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Asteroids named after African American, Hispanic and Native American astronauts




The new names honor African American, Hispanic, and Native American astronauts and a cosmonaut to inspire the next generation.

This was said by Marc W. Buie, an astronomer who discovered the 27 asteroids NASA it was “an honor and a privilege to name these asteroids in recognition of fellow space explorers, while at the same time adding to the message of the power and value of diversity for all human endeavors.”

Previously, these asteroids were originally named in relation to their position in space, but now José Hernández comes to look up knowing that his asteroid (122554) Joséhernández is in orbit.

Hernández was part of a family of migrant farmers and spent his childhood working in the fields. When he was in high school, Hernandez knew he wanted to be an astronaut, inspired by the work of Franklin Chang-Diaz, the namesake of another of these asteroids, (115015) Chang Diaz. Hernandez then earned two degrees in electrical engineering which he used to develop the first full-field digital mammography imaging system.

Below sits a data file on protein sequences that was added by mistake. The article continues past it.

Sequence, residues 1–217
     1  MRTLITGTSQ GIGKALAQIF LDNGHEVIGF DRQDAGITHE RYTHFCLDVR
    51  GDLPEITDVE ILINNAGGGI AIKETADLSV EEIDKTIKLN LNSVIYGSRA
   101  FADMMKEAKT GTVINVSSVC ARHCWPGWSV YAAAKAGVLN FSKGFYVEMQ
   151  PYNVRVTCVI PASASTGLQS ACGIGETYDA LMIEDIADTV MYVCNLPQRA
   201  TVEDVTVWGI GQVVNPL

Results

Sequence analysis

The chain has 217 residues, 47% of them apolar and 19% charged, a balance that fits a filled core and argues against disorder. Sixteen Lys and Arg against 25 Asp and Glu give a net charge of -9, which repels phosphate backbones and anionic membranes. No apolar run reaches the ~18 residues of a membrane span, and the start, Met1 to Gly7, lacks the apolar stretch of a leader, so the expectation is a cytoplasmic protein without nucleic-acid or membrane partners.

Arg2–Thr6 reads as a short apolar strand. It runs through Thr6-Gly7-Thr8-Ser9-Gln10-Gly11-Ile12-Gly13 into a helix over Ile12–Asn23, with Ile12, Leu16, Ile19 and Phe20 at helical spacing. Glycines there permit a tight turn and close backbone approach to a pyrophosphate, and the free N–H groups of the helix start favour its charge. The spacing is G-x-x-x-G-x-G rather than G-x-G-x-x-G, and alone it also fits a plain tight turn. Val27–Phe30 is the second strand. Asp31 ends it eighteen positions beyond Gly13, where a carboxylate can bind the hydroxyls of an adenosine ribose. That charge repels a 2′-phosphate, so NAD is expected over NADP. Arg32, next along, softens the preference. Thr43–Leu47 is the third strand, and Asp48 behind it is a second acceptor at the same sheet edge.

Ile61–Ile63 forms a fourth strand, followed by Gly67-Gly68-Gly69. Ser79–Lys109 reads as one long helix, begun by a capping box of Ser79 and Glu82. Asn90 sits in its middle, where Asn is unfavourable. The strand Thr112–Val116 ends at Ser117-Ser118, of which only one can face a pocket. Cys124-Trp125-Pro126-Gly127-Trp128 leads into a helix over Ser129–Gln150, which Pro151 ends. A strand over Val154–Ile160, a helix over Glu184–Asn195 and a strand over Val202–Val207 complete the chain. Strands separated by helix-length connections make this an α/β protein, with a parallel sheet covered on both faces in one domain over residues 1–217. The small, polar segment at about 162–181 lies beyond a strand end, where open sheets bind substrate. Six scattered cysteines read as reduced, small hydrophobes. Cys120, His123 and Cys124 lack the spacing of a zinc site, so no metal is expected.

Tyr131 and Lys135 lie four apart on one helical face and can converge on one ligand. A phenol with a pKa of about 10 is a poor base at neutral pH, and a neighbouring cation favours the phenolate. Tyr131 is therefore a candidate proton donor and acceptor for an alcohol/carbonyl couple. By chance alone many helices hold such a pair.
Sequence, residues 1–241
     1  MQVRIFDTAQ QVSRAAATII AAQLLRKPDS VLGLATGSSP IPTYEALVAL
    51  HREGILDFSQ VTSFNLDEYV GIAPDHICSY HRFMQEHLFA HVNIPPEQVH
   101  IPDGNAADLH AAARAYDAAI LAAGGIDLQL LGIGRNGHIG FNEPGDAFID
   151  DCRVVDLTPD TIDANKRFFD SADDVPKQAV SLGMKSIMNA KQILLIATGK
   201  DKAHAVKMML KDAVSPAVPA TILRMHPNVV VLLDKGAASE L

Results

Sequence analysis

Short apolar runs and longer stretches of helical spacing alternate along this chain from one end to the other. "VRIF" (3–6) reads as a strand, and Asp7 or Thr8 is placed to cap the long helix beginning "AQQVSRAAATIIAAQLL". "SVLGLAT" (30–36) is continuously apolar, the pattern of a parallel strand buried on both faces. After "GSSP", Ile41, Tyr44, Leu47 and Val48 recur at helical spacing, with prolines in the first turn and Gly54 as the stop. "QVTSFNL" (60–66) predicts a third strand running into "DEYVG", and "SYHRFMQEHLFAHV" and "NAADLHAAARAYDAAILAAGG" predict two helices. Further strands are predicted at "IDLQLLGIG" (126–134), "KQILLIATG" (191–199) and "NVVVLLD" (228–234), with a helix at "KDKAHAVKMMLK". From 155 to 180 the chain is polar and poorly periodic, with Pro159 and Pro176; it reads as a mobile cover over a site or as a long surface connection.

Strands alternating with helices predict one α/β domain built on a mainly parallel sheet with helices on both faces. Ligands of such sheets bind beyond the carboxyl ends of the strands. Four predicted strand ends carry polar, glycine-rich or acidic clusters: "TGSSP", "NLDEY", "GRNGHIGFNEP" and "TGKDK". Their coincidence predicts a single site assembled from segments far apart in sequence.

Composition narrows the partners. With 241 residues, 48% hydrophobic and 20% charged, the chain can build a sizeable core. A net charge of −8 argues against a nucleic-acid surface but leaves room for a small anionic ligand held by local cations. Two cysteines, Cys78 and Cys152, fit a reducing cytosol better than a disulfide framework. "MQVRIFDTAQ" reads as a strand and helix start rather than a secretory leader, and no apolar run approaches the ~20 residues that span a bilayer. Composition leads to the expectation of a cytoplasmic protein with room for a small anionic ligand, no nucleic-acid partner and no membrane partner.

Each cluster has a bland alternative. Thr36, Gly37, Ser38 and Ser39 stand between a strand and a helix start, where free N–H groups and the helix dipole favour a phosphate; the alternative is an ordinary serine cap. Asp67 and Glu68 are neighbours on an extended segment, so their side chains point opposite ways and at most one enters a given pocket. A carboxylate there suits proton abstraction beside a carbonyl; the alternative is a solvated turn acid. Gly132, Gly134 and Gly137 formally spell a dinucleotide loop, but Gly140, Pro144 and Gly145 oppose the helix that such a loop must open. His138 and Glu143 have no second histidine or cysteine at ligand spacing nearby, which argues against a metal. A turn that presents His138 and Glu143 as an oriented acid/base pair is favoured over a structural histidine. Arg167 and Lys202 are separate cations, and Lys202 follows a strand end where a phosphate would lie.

Another story is behind the asteroid (103739) Higginbotham.

Retired astronaut Joan Higginbotham in front of a NASA T-38 trainer in 2003.

As an electrical engineer at NASA’s Kennedy Space Center in Florida, Joan Higginbotham played a role in 53 shuttle launches. He even visited space aboard the Discovery shuttle to the International Space Station (ISS), where he served as a mission specialist on an assembly mission.

The 27 asteroids are in a belt between Mars and Jupiter, and the team tasked with naming these asteroids to the International Astronomical Union (IAU) says it plans to continue adding more diverse names to the sky in the future.

You can find the stories and locations of the 27 asteroids here.

Correction: An earlier headline in this story listed the wrong agency that named the asteroids. It is the International Astronomical Union.